Yes, it’s finally coming, the highly anticipated Fedora 24 Linux operating system has been approved for landing next week, June 21, 2016, when users can start upgrading their current Fedora 23 installations.
After four delays, Fedora 24 has a final release date, as the Fedora developers today, June 16, 2016, announced, immediately after the second Fedora 24 Final Go/No-Go meeting took place.
The Fedora 24 Final Release Candidate 1.2 build was declared GOLD and ready for general availability (GA) for Tuesday, June 21, 2016. According to Fedora Project, the Fedora 24 Final RC1.2 build will become the final release.
“At the second round of Fedora 24 Final Go/No-Go Meeting, Fedora 24 Final RC1.2 has just been declared as GOLD. GA of this release is planned on Tuesday 2016-June-21,” said Justin W. Flory. “Thanks everyone who participated in this release!”
Fedora 24 will be powered by Linux kernel 4.5
One of the latest stable Linux 4.5 kernels will power the final release of Fedora 24. However, as we reported a few days ago, there should be a zero-day kernel update of Linux 4.5.7, and, in a few weeks, users it will move to the Linux kernel 4.6 series.
Right now, the latest and most advanced Linux kernel version available is Linux 4.6.2, but the Fedora developers said that they’ll try to rebase Fedora 24 on Linux kernel 4.6 starting with the upcoming 4.6.3 release, which should be out in a week or two.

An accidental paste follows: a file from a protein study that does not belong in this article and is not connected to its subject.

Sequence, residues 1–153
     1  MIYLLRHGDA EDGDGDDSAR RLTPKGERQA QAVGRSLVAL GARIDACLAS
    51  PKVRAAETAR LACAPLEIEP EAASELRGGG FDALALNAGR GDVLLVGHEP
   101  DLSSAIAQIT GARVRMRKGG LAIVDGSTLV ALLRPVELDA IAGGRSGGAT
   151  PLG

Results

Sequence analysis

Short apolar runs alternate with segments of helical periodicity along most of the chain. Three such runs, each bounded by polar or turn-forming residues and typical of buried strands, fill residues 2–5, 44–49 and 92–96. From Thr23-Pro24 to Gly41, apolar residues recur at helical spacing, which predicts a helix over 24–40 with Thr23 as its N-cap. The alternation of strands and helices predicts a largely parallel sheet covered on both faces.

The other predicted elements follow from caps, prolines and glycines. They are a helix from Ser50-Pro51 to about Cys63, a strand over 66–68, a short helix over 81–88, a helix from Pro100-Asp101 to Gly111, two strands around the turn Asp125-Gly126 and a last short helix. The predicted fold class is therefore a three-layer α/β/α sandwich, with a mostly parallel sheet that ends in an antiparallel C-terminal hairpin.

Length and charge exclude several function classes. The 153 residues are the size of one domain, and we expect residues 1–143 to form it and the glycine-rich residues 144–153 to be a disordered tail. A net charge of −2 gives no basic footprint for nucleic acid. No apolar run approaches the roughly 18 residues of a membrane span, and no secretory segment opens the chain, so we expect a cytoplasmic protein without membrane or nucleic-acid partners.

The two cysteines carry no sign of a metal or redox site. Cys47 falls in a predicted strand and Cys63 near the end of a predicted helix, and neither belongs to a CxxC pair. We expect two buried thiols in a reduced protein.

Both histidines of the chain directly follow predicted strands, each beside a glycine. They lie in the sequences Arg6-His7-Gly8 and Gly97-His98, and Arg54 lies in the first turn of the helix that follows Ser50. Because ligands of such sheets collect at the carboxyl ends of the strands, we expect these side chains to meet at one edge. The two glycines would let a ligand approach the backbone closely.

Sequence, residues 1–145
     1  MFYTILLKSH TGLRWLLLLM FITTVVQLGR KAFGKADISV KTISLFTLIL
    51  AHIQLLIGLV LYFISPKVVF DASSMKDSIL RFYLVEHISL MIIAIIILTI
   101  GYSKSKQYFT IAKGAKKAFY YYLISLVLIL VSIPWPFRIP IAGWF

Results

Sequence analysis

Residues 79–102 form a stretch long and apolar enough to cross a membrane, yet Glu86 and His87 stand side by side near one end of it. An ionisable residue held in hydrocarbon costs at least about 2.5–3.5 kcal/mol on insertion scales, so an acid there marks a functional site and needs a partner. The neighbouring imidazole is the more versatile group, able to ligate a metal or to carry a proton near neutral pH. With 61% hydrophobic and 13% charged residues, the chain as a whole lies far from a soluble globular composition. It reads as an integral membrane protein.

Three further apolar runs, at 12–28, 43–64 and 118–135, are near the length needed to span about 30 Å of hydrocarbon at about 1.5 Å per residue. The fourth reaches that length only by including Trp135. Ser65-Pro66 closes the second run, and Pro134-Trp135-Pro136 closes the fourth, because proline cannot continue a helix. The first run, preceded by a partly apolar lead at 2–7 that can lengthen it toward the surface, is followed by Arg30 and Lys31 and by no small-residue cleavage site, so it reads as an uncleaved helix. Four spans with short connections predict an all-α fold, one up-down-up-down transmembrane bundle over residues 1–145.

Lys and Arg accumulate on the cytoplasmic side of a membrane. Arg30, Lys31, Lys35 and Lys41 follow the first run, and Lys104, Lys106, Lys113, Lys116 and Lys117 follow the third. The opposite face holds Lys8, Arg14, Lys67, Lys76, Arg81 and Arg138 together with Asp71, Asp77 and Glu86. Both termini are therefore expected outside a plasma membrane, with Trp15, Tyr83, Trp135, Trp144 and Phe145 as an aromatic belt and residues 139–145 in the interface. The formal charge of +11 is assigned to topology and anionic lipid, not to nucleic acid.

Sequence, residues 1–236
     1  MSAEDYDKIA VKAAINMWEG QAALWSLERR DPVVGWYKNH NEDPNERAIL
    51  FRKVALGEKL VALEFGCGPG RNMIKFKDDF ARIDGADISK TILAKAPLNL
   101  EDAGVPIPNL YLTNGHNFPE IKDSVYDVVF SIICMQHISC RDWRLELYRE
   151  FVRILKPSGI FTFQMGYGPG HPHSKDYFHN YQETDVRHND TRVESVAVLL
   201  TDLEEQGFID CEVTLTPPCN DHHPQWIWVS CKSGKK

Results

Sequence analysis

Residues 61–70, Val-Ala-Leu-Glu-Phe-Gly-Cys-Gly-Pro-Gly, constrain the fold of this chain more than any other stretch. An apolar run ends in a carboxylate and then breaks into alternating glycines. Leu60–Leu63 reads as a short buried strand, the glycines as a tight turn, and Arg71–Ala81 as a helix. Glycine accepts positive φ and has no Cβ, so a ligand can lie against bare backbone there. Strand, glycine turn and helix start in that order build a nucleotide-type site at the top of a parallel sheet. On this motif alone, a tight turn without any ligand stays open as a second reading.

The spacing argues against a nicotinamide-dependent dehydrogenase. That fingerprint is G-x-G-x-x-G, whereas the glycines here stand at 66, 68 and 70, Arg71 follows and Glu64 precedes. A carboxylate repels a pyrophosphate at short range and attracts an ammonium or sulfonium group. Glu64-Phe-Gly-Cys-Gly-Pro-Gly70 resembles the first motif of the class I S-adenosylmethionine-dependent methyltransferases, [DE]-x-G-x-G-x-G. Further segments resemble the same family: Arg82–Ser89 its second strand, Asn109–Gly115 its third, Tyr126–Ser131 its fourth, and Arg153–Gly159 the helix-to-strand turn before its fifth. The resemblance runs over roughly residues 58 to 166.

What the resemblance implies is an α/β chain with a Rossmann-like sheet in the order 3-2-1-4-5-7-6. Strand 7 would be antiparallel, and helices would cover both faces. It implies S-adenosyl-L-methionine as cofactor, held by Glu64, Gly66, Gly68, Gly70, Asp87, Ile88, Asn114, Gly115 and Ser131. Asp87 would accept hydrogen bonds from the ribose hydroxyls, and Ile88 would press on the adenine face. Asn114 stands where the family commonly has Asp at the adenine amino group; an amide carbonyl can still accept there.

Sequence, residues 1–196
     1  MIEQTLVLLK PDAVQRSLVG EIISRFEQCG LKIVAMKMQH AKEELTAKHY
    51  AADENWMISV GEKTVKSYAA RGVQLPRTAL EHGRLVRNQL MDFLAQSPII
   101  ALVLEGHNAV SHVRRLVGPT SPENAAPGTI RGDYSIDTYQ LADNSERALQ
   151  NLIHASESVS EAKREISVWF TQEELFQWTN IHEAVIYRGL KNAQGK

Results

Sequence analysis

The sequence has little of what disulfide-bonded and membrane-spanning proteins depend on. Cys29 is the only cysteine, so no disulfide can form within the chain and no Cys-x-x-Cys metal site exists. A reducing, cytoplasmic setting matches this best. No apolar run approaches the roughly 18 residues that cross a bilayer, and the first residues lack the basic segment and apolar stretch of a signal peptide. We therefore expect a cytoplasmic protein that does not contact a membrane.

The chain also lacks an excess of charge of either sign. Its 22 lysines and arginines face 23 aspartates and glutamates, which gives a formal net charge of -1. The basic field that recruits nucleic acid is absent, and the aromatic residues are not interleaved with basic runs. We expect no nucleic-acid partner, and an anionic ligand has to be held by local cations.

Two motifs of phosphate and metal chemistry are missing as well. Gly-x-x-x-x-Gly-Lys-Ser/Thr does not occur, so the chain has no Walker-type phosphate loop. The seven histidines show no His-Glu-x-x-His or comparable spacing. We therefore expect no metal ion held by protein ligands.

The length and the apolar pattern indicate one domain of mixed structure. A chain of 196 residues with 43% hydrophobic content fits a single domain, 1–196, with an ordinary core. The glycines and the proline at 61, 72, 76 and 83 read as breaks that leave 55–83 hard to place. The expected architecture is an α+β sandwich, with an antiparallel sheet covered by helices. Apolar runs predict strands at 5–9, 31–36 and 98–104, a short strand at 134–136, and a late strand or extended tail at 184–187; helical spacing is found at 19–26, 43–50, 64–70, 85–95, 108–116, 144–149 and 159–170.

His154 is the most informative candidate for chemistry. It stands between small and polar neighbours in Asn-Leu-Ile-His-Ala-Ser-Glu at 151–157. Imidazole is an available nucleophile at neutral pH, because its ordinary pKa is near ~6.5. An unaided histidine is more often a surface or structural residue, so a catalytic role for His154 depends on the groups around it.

However, Fedora users shouldn’t worry too much about that, as they will have enough time on their hands to enjoy the latest GNU/Linux technologies and open-source applications included in the Fedora 24 operating system.
Among these, we can mention the GNOME 3.20.2 desktop environment for Fedora 24 Workstation, KDE Plasma 5.6.4 or the recently released 5.6.5 update for Fedora 24 KDE, as well as the LibreOffice 5.1.3 office suite and Mozilla Firefox 47.0 web browser.
Fedora 24 will ship with the usual Workstation, KDE, Xfce, LXDE, MATE/Compiz, Cinnamon, and Sugar spins, as well as the Server and Cloud editions. There will be support for 64-bit, 32-bit, and ARM hardware architectures.